- Shaking hands or hugging
- Sitting next to each other
on the bus
- Sitting together at a meal
Hansen’s disease is also not passed on from a mother to her unborn baby during pregnancy and it is also not spread through sexual contact.
Due to the slow-growing nature of the bacteria and the long time it takes to develop signs of the disease, it is often very difficult to find the source of infection.
Who Is at Risk?
In South Africa, Hansen’s disease is rare. Around the world, as many as 2 million people are permanently disabled as a result of Hansen’s disease.
Overall, the risk of getting Hansen’s disease for any adult around the world is very low. That’s because more than 95% of all people have a natural immunity to the disease.
Diagnosis and Treatment
How is the disease diagnosed?
Hansen’s disease can be recognized by the appearance of patches of skin that may look lighter or darker than the normal skin. Sometimes the affected skin areas may be reddish. Loss of feeling in these skin patches is common. You may not feel a light touch or a prick with a needle.
To confirm the diagnosis, a patients doctor will take a sample of their skin or nerve (through a skin or nerve biopsy) to look for the bacteria under the microscope and may also do tests to rule out other skin diseases.
How is the disease treated?
Hansen’s disease is treated with a combination of antibiotics. Typically, 2 or 3 antibiotics are used at the same time. These are dapsone with rifampicin, and clofazimine is added for some types of the disease. This is called multidrug therapy. This strategy helps prevent the development of antibiotic resistance by the bacteria, which may otherwise occur due to the length of the treatment.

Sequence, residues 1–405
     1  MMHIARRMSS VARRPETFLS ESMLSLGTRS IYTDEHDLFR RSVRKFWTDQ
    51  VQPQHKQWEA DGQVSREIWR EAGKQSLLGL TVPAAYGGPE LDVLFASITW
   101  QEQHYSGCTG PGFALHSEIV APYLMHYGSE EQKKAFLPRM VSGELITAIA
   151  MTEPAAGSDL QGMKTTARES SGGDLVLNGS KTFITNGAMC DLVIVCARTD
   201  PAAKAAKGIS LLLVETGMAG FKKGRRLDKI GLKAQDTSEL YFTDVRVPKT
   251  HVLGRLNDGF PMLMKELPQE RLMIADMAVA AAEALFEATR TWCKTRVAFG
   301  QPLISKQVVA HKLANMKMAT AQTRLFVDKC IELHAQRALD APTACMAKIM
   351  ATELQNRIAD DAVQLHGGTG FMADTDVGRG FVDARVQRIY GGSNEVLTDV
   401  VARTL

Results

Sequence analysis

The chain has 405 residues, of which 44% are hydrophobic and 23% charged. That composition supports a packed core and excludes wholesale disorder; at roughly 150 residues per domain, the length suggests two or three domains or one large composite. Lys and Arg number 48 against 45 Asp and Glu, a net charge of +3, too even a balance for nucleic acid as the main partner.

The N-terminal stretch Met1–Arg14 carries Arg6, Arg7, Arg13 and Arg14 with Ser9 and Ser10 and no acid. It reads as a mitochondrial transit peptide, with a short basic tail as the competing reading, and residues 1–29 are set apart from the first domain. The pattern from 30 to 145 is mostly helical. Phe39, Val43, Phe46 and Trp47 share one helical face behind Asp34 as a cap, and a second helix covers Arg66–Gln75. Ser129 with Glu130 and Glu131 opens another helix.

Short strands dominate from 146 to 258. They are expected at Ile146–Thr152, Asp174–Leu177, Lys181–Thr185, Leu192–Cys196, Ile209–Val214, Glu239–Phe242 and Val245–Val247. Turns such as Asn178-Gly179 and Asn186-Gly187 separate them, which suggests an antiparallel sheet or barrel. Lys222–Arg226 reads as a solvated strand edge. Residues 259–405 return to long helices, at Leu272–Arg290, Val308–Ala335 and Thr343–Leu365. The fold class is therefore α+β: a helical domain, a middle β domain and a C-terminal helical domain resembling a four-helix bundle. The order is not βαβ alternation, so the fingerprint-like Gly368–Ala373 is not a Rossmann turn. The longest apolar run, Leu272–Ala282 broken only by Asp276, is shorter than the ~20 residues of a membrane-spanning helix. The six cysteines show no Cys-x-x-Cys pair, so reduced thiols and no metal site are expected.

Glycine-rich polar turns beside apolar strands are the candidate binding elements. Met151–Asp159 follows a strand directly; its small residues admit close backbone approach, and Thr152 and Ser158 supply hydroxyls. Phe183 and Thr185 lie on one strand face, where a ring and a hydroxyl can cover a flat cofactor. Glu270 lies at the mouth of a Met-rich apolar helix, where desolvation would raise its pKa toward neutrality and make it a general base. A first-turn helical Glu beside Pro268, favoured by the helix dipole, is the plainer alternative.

Treatment usually lasts between one to two years. The illness can be cured if treatment is completed as prescribed.
If a person is treated for Hansen’s disease, it’s important to:
- Tell their doctor if they experience numbness or a loss of feeling in certain parts of the body or in patches on the skin. This may be caused by nerve damage from the infection. If they have numbness and loss of feeling, they should take extra care to prevent injuries that may occur, like burns and cuts.
- Take the antibiotics until their doctor says their treatment is complete. If they stop earlier, the bacteria may start growing again and the person may get sick again.
- Tell their doctor if the affected skin patches become red and painful, nerves become painful or swollen, or they develop a fever as these may be complications of Hansen’s disease that may require more intensive treatment with medicines that can reduce inflammation.
If left untreated, the nerve damage can result in paralysis and crippling of hands and feet. In very advanced cases, the person may have multiple injuries due to lack of sensation, and eventually the body may reabsorb the affected digits over time, resulting in the apparent loss of toes and fingers. Corneal ulcers or blindness can also occur if facial nerves are affected, due to loss of sensation of the cornea (outside) of the eye. Other signs of advanced leprosy may include loss of eyebrows and saddle-nose deformity resulting from damage to the nasal septum.
Antibiotics used during the treatment will kill the bacteria that cause leprosy. But while the treatment can cure the disease and prevent it from getting worse, it does not reverse nerve damage or physical disfiguration that may have occurred before the diagnosis. Thus, it is very important that the disease is diagnosed as early as possible before any permanent nerve damage occurs.